Morgan Stanley estimates those margins to be close to 20%, close to the luxury segment of the auto market, even though its Fremont, California plant is considered the most expensive auto manufacturing plant on the planet.
Morgan Stanley estimates that the margins of the new Berlin, Austin, and other factories, or “gigafactories”, will be between 1,000 and 1,500 basis points higher than those of Fremont, so their share of production will increase, costs will increase. Production will rise dramatically fall and margins (assuming prices are kept under review) will skyrocket at the same time.
Will Tesla count all of these gains in profit? It’s unlikely, Morgan Stanley suggests, as its strategic priority will be to expand the availability of low-cost Tesla vehicles to as many people as possible.
Why then? Because Tesla sees even greater benefits in the future, not in the cars themselves, but thanks to their many “complementary” business possibilities: software, fully autonomous driving, subscriptions, insurance, robot taxis, and so on.
For this to work, Tesla needs as large a fleet as possible. Design and engineering will bring a new level of scale to electric vehicle factories, perhaps at a level, the industry has never seen.
“We view the electric vehicle market as highly deflationary activity,” Morgan Stanley analysts wrote in a recent note.
“Although it may take several years, we would be poised for Tesla vehicles to start at $ 20,000 / unit this decade. That’s half the current price of just under $ 40,000 for the base Model 3.
And others will be forced to do the same. “We also expect the price of some electric vehicles from different manufacturers to be as low as $ 10,000,” analysts said. “The profitability of the OEM (automaker) will be derived from the monetization of the customer through other sources of income, such as software, as opposed to hardware (the car).”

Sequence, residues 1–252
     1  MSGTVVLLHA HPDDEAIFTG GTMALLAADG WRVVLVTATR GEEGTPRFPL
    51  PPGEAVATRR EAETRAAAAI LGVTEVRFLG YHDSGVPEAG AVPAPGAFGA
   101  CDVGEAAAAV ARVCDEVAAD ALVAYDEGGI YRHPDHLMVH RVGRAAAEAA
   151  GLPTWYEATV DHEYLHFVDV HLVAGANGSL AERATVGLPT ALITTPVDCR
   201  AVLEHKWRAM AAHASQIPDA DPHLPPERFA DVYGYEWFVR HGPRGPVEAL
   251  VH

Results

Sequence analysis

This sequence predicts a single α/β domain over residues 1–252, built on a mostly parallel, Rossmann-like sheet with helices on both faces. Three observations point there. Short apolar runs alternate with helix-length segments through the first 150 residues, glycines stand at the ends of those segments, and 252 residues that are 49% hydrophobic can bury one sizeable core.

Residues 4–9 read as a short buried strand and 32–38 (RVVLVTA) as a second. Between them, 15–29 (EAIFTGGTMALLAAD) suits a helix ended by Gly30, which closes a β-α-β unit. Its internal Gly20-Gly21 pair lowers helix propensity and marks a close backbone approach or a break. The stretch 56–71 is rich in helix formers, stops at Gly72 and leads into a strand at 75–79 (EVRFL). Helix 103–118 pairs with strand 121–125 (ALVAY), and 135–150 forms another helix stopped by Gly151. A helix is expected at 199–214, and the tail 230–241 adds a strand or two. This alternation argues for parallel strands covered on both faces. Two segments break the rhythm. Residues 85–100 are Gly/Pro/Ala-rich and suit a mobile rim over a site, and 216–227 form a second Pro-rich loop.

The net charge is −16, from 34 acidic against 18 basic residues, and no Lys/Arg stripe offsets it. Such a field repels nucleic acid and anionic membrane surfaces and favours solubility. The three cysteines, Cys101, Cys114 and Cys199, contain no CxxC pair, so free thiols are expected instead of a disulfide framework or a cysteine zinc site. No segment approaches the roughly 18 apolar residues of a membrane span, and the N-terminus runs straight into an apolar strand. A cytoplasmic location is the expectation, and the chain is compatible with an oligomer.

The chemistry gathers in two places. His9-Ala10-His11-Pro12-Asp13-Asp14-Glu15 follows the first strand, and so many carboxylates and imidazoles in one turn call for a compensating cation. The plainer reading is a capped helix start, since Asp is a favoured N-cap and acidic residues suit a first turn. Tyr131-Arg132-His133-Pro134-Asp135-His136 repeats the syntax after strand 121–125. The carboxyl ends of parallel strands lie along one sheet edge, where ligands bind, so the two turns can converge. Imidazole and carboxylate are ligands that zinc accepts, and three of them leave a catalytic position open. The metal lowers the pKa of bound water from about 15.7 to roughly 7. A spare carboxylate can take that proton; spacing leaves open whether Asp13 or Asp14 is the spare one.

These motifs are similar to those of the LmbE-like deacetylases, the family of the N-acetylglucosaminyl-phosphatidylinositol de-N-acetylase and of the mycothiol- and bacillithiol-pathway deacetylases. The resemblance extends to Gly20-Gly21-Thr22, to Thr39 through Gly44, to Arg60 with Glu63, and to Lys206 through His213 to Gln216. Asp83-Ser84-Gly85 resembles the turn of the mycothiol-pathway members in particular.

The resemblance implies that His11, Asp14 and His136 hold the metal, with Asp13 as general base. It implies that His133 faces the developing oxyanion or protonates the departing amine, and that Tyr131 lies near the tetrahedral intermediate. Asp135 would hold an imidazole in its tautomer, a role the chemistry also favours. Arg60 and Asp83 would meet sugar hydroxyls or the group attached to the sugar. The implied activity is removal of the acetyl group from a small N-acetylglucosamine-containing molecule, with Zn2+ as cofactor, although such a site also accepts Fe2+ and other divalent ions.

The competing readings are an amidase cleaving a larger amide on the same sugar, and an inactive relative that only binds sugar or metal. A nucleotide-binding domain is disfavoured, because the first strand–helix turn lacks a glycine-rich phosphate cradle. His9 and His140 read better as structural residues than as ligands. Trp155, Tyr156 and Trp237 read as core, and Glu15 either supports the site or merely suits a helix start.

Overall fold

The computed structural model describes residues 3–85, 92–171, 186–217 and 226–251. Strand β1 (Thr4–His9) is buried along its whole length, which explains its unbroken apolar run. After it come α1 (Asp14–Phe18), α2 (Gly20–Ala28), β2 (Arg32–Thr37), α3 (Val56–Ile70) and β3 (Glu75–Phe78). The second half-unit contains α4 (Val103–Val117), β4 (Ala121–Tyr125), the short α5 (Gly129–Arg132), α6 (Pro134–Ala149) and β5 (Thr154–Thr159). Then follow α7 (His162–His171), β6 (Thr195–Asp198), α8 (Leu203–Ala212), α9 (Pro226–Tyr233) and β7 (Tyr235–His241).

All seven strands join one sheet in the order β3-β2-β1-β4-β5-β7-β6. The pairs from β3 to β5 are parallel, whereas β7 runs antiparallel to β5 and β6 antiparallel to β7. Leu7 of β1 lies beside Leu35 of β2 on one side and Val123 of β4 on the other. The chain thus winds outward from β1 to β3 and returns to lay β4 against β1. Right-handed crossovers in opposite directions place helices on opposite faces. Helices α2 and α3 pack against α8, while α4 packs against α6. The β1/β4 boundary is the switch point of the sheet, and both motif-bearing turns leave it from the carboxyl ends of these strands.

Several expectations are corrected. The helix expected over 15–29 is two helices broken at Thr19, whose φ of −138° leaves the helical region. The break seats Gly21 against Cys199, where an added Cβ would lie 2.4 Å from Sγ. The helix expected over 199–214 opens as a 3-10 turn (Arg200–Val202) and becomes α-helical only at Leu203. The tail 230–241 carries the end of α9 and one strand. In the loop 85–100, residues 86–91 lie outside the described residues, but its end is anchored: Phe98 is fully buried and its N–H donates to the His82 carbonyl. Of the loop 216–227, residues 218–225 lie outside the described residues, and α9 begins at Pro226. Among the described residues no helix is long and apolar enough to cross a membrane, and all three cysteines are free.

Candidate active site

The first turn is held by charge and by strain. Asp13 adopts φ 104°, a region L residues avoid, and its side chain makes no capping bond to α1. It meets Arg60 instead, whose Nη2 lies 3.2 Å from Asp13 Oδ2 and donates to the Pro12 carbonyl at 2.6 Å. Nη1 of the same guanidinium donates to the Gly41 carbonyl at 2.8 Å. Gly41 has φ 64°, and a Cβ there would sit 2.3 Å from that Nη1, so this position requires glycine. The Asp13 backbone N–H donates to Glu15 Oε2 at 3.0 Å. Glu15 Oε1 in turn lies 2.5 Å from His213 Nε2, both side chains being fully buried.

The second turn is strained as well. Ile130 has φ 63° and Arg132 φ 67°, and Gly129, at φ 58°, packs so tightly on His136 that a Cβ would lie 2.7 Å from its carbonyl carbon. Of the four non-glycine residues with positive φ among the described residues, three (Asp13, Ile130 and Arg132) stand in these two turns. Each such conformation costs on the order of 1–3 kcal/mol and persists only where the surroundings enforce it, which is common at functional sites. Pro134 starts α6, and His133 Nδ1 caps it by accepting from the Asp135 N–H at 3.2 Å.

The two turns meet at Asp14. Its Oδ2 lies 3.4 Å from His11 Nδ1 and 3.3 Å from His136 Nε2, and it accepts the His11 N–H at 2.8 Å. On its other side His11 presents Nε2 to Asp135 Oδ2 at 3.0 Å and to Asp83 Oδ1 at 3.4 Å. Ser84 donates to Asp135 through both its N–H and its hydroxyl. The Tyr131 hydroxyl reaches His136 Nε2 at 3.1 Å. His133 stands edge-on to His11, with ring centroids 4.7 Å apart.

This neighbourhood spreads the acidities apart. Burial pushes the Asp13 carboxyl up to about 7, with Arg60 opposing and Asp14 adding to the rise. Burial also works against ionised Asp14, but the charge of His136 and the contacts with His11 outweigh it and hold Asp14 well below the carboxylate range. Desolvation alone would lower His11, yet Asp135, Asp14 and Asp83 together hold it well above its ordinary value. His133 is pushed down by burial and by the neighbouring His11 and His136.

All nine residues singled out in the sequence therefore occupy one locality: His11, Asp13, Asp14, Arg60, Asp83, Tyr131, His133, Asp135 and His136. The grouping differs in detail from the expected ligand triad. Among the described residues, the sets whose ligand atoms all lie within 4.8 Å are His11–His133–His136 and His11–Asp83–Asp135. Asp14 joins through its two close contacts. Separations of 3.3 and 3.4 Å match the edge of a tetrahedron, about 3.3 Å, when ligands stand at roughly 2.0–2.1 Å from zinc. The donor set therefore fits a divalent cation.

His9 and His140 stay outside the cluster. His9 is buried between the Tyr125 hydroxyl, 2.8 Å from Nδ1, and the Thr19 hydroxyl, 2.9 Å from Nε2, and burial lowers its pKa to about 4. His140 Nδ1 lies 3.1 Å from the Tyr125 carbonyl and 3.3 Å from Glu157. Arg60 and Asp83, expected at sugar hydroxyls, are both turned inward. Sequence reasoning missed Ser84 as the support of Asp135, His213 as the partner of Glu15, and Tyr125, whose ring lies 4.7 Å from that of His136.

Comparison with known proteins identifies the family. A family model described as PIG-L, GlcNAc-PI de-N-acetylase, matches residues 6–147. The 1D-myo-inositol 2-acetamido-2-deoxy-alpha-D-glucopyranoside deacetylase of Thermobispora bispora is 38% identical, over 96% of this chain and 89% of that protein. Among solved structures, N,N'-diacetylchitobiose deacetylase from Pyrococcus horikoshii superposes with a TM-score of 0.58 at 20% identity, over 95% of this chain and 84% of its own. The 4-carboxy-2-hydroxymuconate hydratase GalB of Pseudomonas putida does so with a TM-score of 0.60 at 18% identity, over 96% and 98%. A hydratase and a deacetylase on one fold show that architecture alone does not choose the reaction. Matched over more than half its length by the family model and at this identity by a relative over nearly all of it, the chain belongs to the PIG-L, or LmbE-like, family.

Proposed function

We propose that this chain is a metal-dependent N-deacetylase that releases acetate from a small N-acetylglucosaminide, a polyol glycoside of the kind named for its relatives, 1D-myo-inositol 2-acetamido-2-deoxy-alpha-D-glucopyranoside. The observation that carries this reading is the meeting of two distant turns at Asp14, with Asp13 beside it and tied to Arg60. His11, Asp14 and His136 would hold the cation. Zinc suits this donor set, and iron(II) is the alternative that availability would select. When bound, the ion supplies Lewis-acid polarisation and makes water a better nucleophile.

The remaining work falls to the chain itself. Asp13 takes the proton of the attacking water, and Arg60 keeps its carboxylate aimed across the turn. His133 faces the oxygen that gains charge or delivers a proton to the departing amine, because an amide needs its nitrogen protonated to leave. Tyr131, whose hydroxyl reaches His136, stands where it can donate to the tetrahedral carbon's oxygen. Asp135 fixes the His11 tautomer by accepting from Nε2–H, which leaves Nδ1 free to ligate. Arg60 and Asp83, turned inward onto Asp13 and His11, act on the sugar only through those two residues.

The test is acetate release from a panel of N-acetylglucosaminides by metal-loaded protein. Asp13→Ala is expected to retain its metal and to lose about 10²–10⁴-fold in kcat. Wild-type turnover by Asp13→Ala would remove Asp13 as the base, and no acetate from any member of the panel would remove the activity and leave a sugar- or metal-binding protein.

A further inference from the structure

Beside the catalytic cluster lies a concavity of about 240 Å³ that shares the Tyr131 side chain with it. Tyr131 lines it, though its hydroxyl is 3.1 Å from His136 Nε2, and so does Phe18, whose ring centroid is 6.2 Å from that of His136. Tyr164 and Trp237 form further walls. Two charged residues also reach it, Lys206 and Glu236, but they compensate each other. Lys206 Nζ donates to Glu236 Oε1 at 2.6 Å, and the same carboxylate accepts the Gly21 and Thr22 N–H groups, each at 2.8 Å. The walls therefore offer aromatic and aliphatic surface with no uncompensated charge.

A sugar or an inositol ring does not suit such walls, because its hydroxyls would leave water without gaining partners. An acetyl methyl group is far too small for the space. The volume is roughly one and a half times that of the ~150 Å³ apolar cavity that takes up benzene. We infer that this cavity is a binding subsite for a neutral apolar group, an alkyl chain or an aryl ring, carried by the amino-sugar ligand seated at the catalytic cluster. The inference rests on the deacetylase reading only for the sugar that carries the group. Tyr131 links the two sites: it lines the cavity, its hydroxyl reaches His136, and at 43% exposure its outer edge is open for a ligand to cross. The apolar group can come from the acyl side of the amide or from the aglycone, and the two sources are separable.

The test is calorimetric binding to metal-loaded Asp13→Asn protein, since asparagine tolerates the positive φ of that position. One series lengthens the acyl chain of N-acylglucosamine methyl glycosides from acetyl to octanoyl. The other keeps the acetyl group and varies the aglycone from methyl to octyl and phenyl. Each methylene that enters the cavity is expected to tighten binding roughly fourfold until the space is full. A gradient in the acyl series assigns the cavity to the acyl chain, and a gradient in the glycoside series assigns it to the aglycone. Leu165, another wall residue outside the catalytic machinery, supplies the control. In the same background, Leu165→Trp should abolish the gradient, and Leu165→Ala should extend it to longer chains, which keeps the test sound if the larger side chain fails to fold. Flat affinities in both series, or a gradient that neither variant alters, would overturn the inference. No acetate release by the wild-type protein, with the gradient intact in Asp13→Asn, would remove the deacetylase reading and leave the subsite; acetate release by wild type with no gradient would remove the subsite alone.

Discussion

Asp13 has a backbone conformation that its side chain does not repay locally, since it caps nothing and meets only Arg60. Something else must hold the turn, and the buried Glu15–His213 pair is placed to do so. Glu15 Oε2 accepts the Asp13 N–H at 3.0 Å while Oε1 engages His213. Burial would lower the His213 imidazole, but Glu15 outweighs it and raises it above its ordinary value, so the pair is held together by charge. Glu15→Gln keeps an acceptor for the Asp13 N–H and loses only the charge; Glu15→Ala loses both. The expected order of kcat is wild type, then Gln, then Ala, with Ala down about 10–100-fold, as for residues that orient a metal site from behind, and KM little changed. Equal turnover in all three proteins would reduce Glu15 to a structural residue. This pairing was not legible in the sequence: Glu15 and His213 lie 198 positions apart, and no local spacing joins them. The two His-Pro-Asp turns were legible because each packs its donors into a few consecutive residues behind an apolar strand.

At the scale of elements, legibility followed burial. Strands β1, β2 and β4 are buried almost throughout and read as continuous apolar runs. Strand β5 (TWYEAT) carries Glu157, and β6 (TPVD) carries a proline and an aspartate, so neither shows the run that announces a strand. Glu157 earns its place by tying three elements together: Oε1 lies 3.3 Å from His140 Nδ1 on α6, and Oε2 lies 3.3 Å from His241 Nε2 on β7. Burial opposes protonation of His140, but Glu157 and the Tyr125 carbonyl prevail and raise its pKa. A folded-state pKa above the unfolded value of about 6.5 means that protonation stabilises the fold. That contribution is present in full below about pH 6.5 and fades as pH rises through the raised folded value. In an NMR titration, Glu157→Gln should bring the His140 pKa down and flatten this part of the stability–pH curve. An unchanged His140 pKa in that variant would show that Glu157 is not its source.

To give an idea of the scale of Tesla’s ambition, Morgan Stanley estimates that Tesla will spend about $ 27 billion per year by 2027 on annual R&D – that’s more than Apple currently spends and more than NASA.
“Investors are witnessing one of the most spectacular industrial ‘arms races’ of a generation,” the analysts write. “The mantra ‘batteries are the new oil’ is being implemented in the form of extraordinarily large budgets in public and private companies, research labs, and government-sponsored efforts.”
Morgan Stanley estimates that more than $1 trillion will be spent developing advanced battery materials and cell architecture and “industrializing their production on a tera-scale.”
And they believe that Tesla has a huge advantage in terms of innovation and scale, from the raw materials in the battery to the data that comes from the car.
“The battle for EV supremacy is still in its infancy… even in our own model, we may be underestimating the ambition and speed with which Tesla is industrializing the EV, its supporting infrastructure. And its revenue. of “Internet of cars” model”.